BY: MARIO GHIOLDI
A century ago, the European continent was hit by the first World War, which changed the lives and perspectives of millions of people. This landmark conflict exploded mostly due to the strong competition in the Balkans, where three empires were eager to expand their political, religious and economic influence. One hundred years later, under different circumstance, the same region seems to have become the competitive arena between two actors, the European Union (EU) and the People’s Republic of China (PRC) both looking to extend their influences in the Balkans through investments and political initiatives.
Last year, Federica Mogherini, the High Representative of the European Union for Foreign Affairs and Security Policy, posited that “the Balkans can become one of the chessboards where the big power game can be played.” Her statement reflects the important strategic role that the Balkans play for Brussels. It is no coincidence the European Commission adopted a specific strategy for this region entitled ‘A credible enlargement perspective for and enhanced EU engagement with the Western Balkans’ last February. For the next two years, the plan sets actions in various fields as development, rule of law and cooperation, reaffirming the European Union’s will to strengthen the partnership with the Balkans.
The cooperation was further enforced by the recent summits in Sofia and London, where six Balkans countries, Albania, Bosnia and Herzegovina, Serbia, Montenegro, the former Yugoslav Republic of Macedonia and Kosovo, met with the EU member states on concrete actions related to connections, security and youth involvement. Some of these initiatives included funding for Erasmus+ program, which will be doubled to allow more youth to study in the European Union alongside developing mechanisms of cooperation to stop the illegal migration flows.
Beyond the economic and political assets, the above-mentioned boost in the Balkans-European Union partnership seems to be an attempt to counter the vast amounts of Chinese investments in the same region that have increased in the last two years. Those same fears were also cited by Angela Merkel a few days after the enlargement strategy launched, alleging that the Chinese economic investments were “not in the spirit of the free trade” but rather part of a larger and eventual political strategy.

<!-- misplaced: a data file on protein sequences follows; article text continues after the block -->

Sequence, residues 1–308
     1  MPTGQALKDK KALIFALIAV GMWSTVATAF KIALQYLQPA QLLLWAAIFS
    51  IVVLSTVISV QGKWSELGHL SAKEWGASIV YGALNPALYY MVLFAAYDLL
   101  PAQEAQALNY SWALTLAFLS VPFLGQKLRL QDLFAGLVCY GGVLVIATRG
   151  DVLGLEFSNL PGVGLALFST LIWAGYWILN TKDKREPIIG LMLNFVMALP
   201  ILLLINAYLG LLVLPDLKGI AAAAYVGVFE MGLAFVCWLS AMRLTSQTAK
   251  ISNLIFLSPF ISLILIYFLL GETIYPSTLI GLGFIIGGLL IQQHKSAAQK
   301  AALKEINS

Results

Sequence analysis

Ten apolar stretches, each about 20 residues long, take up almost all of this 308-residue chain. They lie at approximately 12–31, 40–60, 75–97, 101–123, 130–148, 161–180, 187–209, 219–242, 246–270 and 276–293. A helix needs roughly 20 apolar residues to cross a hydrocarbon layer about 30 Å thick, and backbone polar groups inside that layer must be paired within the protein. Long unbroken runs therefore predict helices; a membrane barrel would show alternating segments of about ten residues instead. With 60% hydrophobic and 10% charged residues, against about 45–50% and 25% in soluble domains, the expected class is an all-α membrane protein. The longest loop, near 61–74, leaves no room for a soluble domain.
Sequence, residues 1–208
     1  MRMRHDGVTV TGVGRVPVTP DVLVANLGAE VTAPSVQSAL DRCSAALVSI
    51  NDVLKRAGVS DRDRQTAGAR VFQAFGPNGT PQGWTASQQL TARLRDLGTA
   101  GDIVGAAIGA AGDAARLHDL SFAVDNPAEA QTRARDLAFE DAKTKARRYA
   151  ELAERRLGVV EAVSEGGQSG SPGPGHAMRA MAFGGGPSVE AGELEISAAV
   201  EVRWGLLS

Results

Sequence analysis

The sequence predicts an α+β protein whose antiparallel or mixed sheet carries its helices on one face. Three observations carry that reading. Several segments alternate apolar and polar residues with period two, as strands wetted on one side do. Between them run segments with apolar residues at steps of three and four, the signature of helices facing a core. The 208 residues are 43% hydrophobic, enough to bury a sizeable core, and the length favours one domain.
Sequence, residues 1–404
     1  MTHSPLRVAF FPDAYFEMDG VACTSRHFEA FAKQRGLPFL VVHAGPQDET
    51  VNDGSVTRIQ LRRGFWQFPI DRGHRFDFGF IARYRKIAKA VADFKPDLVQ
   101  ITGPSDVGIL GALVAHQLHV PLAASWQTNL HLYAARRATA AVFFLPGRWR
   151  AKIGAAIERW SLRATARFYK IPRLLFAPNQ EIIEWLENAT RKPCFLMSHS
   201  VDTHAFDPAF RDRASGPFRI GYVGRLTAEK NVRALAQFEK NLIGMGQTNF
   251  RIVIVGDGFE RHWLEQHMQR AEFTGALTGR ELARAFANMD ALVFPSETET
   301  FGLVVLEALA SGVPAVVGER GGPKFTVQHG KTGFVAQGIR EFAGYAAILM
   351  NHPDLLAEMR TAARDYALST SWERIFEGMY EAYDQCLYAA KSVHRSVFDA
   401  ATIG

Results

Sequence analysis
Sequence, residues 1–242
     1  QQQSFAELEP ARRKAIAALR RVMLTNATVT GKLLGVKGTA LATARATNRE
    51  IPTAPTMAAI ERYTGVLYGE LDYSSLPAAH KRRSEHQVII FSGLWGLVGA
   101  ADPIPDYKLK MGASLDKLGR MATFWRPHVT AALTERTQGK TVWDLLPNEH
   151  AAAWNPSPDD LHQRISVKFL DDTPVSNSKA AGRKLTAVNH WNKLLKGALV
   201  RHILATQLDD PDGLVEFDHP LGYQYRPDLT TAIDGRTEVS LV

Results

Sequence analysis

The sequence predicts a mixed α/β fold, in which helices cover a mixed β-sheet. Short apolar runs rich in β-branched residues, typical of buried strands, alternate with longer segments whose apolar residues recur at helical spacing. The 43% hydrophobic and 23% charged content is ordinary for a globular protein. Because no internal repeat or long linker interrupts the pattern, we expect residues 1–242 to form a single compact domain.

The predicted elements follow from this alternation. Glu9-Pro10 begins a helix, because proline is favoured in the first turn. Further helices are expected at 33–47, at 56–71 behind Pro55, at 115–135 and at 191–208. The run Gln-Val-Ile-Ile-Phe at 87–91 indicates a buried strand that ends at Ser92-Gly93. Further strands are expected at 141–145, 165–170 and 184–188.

Currently, the Chinese initiative involves various areas in the Balkans, considered an important corridor of the Silk Road. Beyond owning the Piraeus, bought by China’s COSCO Holding for more than $550 millions, Chinese heavy industry companies have invested in Serbia and Bosnia Herzegovina building steel mills (the most relevant is in Smeredevo near Belgrade) and coal fired power plants. Yet, the most famous and relevant investment concerns the construction of the Belgrade-Budapest railway which provides the access for Chinese and Balkan companies to the European market.
As result of this initiative, which is focused on the state-based decision of investments rejecting the demand of privatization of inefficient industries, the Balkan countries have a reliable alternative to the European Union economic model. But it’s the Beijing government that seems to be the real winner of this partnership. Beyond shaping the local investments of the areas, China is increasing the quantity of loans to the Balkans through project financing, bringing those countries into debt. Basically, there are multiple consequences for the enormous debt owed to China; probably the most important example concerns Montenegro, where the government was forced to limit its welfare policies for the families with multiple children due to its high deficit.
This last link is probably the most worrisome aspect for the European Union, which is eager to extend its membership to the Western Balkans. Nevertheless, the competition between these actors appears unique and much softer than the previous political and economic disputes raised in this area due to the paradoxical position of China. The Russian stance of the last decades taken into consideration, Beijing needs the political regional stability in order to enhance its economic power and long-term investments. This democratic reliability is guaranteed by the European Union’s economic and political actions and the various reforms demanded consistently to the Western Balkans.
Thus, China needs the European Union presence in the area to preserve its stakes. This paradox gives an important and decisive asset to Brussels despite the enormous Chinese investments. At the same time, European countries should respond appropriately to the Chinese economic expansion enhancing their political and economic agenda. Beyond a greater flexibility on the economic reforms, the European Commission should further hasten pressure for those political actions needed for European Union membership, considering the European Union Enlargement road map.
The recent visit of Johannes Hahn, the European Union Commissioner for Neighborhood Policy and Enlargement negotiation, in Serbia and Merkel’s future trip to Macedonia seem to confirm this strategy, building a new bridge over the Danube and reaffirming the European political or rather economic influence. But will it be enough to reduce the Chinese expansion in the Balkans? Only time will tell.
Mario Ghioldi has an International Relations background through his studies at the University of Siena. In the last year, he worked with the Italian government’s Mission to the United Nations (3rd Committee) and in Nicaragua. He also joined the Salvadoran diplomatic team at the Rome agencies twice.
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